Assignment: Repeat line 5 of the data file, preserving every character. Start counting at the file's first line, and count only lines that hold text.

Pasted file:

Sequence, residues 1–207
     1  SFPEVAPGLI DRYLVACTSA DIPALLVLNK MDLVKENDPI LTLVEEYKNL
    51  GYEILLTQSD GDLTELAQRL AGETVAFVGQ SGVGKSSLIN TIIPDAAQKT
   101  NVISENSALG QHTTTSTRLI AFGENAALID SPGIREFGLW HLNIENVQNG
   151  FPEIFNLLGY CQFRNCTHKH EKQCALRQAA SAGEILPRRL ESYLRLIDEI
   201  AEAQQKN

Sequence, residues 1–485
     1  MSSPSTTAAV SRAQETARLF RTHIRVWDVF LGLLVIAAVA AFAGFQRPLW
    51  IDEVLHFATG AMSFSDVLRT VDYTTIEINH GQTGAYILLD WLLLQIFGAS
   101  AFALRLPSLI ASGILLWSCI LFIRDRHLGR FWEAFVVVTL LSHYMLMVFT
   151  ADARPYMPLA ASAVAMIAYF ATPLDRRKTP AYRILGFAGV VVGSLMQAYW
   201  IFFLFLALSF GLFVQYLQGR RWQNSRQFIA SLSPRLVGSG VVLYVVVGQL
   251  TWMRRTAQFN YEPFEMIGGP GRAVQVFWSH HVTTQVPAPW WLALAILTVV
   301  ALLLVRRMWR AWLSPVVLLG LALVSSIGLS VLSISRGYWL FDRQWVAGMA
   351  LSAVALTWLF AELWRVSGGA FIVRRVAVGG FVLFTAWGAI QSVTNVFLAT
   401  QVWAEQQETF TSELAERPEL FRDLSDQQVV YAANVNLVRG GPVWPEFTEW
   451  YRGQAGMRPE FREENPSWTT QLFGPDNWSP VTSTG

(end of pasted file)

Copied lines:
   151  FPEIFNLLGY CQFRNCTHKH EKQCALRQAA SAGEILPRRL ESYLRLIDEI